Shanti (Nutan) is married off to Kewal (Rehman on the eve of Partition.. But while the two families move away to Delhi from Lahore , she inadvertently is left behind, and is forced to share a roof with Abdul Rehman (Pran ), who has a sister of Shanti’s age in India. When she returns to India five years later with her son, she is first welcomed by the husband with open arms but disowned when the child identifies himself as Anwar, and his father as Abdul Rehman. Even her own father refuses to give her shelter, though in the years she had lived with Abdul Rehman she hadn’t even seen his face.
Physically and emotionally shattered, Shanti tries to commit suicide after leaving Anwar in a remand home, but is rescued by an outlaw, Chhalia (Raj Kapoor) who as time and events progress, flips for the lady. Rehman lands in Delhi to settle old scores with Chhalia and threatens to kidnap Shanti. The bloody fight that ensues between the two adversaries eventually ends in a truce. The hurried climax, set amidst Dussera festivities, has Chhalia bringing about a rapprochement between the estranged couple, and himself walking into infinity, while Rehman is reunited with his sister on the return train.
In the film Sujata (1960) she portrays the life of a scheduled caste or untouchable girl and the traumas of discrimination in a most detached and subtle manner. Even if externally not lively she expressed the fire in her soul, particularly in dialogues with Sunil Dutt who enacts role of Adheer..I doubt any other star could have conveyed feeling of rejection with such conviction. It is remarkable the manner Sujata keeps the balance with her sister or parents , never loosing her temper or showing jealousy. Simply heart touching to view the manner she negates lover Sunil Dutt but still accepts him as a major part in her life. It is quality of acceptance to which she does absolute justice here. Rarely in a social movement has sheer movement of the eyes of an artist, conveyed the theme.Inspite of no apparent joie de vivre or liveliness the inner essence of Sujata keeps pouring out. As Sujata she also illustrates human evolution in a most subtle manner. Whatever the changes in circumstances the consistency of Sujata’s expressions are remarkable. Rarely has romance ever taken such a subtle shape in a Hindi film or morality displayed with such degree of sensitivity.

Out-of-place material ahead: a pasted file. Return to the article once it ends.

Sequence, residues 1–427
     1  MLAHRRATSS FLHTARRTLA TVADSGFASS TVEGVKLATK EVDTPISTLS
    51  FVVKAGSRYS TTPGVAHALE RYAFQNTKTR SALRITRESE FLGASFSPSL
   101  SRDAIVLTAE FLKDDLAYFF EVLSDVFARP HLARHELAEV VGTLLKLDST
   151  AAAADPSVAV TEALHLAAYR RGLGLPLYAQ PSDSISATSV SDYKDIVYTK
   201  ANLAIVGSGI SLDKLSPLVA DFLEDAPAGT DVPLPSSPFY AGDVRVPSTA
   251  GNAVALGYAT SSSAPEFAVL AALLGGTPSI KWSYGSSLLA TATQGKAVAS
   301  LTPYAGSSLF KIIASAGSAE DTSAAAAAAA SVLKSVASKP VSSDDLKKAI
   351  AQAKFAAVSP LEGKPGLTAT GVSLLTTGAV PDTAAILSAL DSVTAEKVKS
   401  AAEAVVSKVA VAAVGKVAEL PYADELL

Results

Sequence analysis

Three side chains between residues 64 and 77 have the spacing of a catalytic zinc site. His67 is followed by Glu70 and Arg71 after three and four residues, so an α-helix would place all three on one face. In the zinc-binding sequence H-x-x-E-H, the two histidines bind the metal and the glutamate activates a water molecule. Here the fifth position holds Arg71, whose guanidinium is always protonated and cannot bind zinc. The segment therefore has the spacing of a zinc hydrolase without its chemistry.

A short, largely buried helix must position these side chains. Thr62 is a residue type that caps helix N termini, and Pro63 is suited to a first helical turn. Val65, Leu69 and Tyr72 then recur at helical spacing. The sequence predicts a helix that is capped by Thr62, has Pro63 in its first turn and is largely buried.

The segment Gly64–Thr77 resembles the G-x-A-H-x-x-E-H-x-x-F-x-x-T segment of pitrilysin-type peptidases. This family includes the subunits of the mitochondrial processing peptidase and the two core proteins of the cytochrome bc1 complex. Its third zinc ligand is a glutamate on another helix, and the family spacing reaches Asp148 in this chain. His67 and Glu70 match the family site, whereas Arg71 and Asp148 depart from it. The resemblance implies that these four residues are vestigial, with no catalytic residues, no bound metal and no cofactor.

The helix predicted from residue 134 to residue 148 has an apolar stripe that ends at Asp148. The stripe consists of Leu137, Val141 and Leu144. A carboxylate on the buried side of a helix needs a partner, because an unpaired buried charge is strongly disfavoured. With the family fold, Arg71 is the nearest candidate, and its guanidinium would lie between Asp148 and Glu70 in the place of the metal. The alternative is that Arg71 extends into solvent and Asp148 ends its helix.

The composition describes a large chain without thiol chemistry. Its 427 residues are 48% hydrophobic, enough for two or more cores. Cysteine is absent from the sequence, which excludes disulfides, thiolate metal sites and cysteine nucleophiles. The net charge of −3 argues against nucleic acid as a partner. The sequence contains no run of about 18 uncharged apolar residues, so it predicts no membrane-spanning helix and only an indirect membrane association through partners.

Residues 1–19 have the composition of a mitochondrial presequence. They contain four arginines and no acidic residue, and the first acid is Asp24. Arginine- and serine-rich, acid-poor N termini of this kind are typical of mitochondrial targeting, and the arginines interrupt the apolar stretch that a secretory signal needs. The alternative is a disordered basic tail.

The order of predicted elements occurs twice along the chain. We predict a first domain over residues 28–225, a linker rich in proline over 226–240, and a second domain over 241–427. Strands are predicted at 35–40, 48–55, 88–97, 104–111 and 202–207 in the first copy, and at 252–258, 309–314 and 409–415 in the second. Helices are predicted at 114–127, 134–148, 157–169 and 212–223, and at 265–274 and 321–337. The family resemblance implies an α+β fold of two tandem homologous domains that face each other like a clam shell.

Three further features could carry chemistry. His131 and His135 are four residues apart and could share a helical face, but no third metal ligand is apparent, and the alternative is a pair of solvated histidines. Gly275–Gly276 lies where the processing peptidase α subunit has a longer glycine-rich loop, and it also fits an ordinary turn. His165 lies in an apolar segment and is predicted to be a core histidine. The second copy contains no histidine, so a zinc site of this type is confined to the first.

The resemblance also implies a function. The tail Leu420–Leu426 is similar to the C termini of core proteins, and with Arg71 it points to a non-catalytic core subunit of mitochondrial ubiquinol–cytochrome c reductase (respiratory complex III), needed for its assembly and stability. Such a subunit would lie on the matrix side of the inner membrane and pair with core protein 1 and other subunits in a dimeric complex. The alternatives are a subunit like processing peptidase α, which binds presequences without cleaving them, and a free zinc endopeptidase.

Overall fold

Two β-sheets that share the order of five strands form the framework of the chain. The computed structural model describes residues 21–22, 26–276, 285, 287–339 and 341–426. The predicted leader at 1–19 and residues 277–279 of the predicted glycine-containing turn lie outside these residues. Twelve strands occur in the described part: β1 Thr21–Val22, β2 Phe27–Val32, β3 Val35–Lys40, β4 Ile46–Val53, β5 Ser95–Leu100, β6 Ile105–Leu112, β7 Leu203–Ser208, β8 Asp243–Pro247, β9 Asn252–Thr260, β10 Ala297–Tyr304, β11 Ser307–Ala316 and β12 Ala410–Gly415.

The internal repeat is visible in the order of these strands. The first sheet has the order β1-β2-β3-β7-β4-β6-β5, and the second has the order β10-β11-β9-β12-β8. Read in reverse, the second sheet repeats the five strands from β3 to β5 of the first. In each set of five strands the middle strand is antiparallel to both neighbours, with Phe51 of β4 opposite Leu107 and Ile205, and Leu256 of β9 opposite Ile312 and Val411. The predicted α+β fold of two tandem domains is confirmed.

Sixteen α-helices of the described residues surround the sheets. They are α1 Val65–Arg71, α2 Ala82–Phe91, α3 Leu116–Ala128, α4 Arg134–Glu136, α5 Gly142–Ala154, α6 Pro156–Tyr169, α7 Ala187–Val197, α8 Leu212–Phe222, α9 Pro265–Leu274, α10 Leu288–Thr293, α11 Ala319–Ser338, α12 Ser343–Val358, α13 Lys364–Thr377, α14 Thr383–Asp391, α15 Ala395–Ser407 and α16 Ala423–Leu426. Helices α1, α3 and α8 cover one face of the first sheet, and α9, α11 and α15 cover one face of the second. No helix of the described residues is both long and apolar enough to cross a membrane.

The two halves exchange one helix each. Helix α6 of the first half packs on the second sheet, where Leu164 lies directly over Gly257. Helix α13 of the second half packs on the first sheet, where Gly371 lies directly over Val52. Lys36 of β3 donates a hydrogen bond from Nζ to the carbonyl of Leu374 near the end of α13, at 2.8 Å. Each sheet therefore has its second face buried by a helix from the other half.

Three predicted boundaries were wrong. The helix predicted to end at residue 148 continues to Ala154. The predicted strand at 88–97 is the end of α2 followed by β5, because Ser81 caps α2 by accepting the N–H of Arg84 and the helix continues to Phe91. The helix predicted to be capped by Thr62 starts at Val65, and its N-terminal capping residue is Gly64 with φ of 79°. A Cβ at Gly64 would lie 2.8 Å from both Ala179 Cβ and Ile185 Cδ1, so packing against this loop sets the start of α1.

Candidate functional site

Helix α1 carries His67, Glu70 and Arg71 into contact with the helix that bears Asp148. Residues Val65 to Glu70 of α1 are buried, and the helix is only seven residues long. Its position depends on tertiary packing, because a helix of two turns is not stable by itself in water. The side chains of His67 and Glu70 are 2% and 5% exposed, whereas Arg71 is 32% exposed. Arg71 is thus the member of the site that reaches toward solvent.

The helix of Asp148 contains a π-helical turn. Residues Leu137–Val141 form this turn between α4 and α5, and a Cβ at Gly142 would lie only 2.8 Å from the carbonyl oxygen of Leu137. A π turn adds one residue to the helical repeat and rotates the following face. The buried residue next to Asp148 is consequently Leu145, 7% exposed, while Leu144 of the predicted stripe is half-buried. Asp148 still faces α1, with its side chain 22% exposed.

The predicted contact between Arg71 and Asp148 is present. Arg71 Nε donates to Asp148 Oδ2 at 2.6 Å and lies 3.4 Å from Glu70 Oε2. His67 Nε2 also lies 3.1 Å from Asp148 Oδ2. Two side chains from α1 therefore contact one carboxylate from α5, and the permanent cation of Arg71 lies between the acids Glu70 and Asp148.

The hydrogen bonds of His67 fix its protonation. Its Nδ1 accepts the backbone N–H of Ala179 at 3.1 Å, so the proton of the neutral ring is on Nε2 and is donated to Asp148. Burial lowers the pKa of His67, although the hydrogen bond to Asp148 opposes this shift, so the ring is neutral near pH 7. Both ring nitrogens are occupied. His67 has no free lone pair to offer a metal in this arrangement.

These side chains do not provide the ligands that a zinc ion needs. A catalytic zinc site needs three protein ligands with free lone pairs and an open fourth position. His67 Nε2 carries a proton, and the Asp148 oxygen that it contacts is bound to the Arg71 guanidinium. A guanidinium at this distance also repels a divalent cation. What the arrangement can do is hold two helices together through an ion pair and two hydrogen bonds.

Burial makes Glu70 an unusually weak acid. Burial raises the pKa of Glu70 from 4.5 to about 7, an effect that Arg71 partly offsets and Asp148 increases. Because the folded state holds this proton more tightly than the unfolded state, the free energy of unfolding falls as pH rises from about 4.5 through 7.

Sujata is a romance between aBrahmin young man, Adheer (Sunil Dutt ) and an untouchable woman, Sujata (Nutan . The film has Dr. BR.Ambedkar’s fight against untouchability and the myth of Chandalika in Hinduism as its subtexts on the basis of which it tries to criticize the practice of untouchability in India.
Brahmin couple Upen and Charu bring up the orphaned Sujata. Although Upen is fond of the adopted child, his wife Charu and mother can never fully embrace Sujata because she is an untouchable. They never fail to remind Sujata that she doesn’t belong amongst Brahmins. One day, Upen’s wife falls down the stairs and is rushed to the hospital. The doctors tell the family that in order to save Charu, they need the blood of a rare group. Only Sujata’s blood matches and she willingly donates blood. When Upen’s wife knows that her life was saved by Sujata, she realizes her mistakes and accepts her as her daughter. Sujata and Adheer are finally married.
In Bandini (1963)Nutan enacted role of prisoner Kalyani ,simply re-defined acting histrionics when enacting a role of a woman prisoner who turned insane. It is hard to conceive an artist enacting a role like this with minimal movements or emotional expression. Rarely have I ever seen an insane wear such a vibrant look..Nutan when tormented, took intensity to regions of coal burning in furnace, but still had a subtle touch of serenity. Her scenes with the jailor played by V.Shantaram ,when sitting on the other side of the wall with lover Bikash,,when meeting the doctor Devan enacted by Dharmendra to who she refuses a proposal ,her outburst when she gets flashes of memories of her killing her ex-lover Ashok Kumar’s wife and the look of triumph on her face when she meets her lover Bikash enacted by Ashok Kumar rank amongst the most artistic acting scenes ever in Bollywood history. Very rarely has depth of expression reached such a magnitude, without any melodrama.Nutan’s restraint displayed her great acting prowess. It was remarkable how she single-handedly carried the film with her expressions like the magical touches of a painter’s brush or poetry in motion. Arguably this was Bimal Roy’s finest film, which took artistry to proportions unsurpassed.Nutan’s artistic genius was responsible for crystallising a theme of such magnitude to be a success, with expressions that were surreal. I doubt any artist could have portrayed her sheer equation with her lover, the freedom fighter. Bikash.The viewer would unquestionably glorify the character of Kalyani,being sympathetic to the traumas she faced and her sheer relentlessness and conviction even when so disturbed mentally. Nutan dominates the film with her understated, elegant performance. Many agreed this was her best performance by far. Her restraint and nuance really bring out Kalyani’s inner conflict on screen. The dialogues, written by Paul Mahendra, are simple but the words carry weight, just like the anguish in Nutan’s eyes.I have never seen an actress who with mere glances or gestures gave such flourish or vibrance to character role, without using any powerful dialogue